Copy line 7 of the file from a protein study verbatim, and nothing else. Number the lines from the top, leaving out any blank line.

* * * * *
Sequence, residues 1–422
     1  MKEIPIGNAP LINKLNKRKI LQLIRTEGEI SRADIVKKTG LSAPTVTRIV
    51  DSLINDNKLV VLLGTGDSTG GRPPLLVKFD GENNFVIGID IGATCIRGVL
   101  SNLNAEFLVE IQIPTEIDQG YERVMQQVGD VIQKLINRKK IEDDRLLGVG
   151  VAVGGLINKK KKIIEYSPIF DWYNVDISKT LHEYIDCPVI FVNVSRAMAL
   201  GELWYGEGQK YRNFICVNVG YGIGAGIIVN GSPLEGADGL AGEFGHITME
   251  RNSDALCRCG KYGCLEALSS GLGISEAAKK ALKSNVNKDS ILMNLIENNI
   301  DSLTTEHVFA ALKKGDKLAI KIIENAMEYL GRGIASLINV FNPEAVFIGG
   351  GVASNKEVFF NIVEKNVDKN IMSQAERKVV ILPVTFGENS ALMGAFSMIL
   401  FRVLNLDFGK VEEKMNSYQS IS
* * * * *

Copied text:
   251  RNSDALCRCG KYGCLEALSS GLGISEAAKK ALKSNVNKDS ILMNLIENNI